• Large UK industrials show a deterioration in credit quality since the 2016 referendum.
• At the trough, credit risk for the industrials had increased by about 25%. Since April 2018 it has shown a slight rebound.
• Large UK healthcare companies have been more volatile. Until late 2017, there was no obvious trend; since then there has been a marked deterioration.
• Since the 2016 referendum, the cumulative increase in credit risk for large UK healthcare companies is also 25%, on a par with industrials. Since May 2018, this has also shown a slight improvement.
• Banks anticipated the UK sovereign downgrade by some months in 2016. The recent stabilisation in the two key industries shown here may indicate that the impact of Brexit uncertainty on corporates is now also reflected in bank risk assessments.

### Basel 2017 and investment-grade definitions in the US

The December 2017 Basel III reforms have sparked debates about the impact of regional differences in detailed implementation. A key issue is the inability of US banks to use traditional credit ratings for risk-weighted asset allocations. The rules require US banks to recognise borrowers as “investment grade” only if the bank can show that they meet traditional rating agency criteria for that definition and, in addition, have securities (equities or bonds) in issue on a recognised exchange.

Figure 4 shows the bank-sourced credit distribution for a large sample of US corporate borrowers split between those that do (1,394) and do not (1,087) satisfy the “securities in issue” rule.

Figure 4 shows:

• US companies with securities in issue have significantly higher credit quality. The majority are in the bbb category and nearly 25% are in a or aa categories.
• However, more than 40% are non-investment-grade categories of bb, b or c.
• US companies without securities in issue have lower credit quality, with more than 40% in the bb category.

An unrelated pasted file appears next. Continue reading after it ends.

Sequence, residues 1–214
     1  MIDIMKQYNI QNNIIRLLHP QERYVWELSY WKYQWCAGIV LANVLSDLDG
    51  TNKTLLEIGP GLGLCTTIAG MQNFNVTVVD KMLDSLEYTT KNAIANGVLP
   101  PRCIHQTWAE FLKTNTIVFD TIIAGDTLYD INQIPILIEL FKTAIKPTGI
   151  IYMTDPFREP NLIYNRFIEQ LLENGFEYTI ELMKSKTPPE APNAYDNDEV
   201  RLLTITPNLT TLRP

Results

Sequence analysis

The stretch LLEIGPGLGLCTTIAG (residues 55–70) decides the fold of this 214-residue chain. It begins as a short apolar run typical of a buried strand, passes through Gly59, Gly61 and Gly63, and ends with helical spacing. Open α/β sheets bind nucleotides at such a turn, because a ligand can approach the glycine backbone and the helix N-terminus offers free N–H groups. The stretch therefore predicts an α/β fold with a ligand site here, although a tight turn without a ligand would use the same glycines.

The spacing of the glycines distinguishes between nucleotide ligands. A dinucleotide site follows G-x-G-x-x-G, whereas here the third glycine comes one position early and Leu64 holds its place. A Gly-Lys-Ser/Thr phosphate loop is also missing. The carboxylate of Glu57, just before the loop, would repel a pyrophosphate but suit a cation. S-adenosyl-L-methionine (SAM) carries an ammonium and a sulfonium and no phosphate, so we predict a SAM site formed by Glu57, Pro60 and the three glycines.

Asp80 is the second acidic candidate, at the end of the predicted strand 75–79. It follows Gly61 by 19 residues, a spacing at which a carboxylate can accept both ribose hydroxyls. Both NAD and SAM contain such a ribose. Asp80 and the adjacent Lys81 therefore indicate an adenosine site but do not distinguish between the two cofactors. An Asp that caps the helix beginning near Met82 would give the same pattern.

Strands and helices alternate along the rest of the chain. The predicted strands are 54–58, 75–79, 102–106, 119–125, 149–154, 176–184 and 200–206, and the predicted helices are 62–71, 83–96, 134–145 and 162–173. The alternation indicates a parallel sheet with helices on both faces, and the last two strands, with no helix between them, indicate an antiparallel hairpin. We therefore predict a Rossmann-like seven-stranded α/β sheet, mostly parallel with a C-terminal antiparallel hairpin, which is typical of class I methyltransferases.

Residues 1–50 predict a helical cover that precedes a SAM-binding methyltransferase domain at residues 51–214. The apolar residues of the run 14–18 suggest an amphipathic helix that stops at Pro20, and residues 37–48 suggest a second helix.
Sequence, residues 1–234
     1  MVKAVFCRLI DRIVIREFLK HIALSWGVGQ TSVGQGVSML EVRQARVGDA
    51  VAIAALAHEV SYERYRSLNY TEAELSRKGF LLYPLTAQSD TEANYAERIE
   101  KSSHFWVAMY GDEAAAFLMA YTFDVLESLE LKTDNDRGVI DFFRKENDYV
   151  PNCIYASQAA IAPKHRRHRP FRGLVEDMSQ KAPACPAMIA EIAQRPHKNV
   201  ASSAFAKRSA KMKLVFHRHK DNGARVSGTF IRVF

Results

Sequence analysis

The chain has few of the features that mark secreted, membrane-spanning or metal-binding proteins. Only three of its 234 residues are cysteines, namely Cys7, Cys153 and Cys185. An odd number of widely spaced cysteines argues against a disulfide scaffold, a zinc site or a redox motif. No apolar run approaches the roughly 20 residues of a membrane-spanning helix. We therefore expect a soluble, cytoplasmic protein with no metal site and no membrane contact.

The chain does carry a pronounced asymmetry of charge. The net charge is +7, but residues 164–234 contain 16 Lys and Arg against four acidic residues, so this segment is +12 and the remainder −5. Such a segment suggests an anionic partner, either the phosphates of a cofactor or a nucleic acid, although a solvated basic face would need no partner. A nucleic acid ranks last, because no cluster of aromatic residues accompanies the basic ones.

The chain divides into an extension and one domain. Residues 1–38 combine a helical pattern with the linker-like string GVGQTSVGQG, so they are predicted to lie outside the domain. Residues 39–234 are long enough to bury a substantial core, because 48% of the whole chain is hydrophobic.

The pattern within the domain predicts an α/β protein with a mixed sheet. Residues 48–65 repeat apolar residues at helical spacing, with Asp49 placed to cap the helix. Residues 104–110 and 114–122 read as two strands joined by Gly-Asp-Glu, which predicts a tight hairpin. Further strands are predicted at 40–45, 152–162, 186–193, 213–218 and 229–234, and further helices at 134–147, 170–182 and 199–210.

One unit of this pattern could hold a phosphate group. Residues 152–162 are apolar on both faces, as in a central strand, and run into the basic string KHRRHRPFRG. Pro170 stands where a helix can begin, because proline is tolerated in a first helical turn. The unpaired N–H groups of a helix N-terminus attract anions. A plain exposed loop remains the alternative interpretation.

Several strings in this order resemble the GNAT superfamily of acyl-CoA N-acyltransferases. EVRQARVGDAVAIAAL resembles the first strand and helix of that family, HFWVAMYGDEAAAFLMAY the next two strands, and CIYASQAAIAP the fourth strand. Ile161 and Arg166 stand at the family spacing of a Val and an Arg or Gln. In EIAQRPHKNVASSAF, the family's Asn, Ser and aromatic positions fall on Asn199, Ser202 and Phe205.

• However, bank-sourced estimates suggest that nearly 30% of the companies that do not have securities in issue are nevertheless viewed as investment grade.

### Loss given default and recovery rates

Basel III standardises the loss given default (LGD) parameters for regulatory capital, but LGD remains a key driver of inter-bank variations in economic capital. For secured loans, the recovery rate implied by an LGD estimate depends heavily on the value and liquidity of the collateral taken as security. But banks also estimate LGDs for unsecured loans, and this provides a useful starting point for secured calculations.

Figure 5 shows the distribution of bank-sourced estimate for senior, unsecured LGD across 675 corporates.

Figure 5 shows:

• The distribution of LGDs is broadly symmetric and approximately normal.
• The average and median are about 45%, which implies a 55% recovery rate assumption.
• Only 32% of the obligors are in the 45% +/–2.5% category, so the majority of LGDs are outside this range, although most are in the range of 35% to 55%.
• This distribution implies that a probability of default of 1% would result in a normal range (i.e. one standard deviation) for expected loss estimates of anything from 0.35% to 0.55% depending on the senior unsecured LGD assumption. For some banks, this could represent a significant difference in required capital.
• LGDs will be lower for secured loans, depending on the collateral held; this initial research applies to unsecured loans.

David Carruthers is the head of research at Credit Benchmark, a credit risk data provider.

The Credit Benchmark dataset is based on internally modelled credit ratings from a pool of contributor banks. These are mapped into a standardised 21-bucket ratings scale, so downgrades and upgrades can be tracked on a monthly basis. Obligors are only included where ratings have been contributed by at least three different banks, yielding a total dataset of almost 21,000 names, which is growing by 5% per month.

Editing by Tom Osborn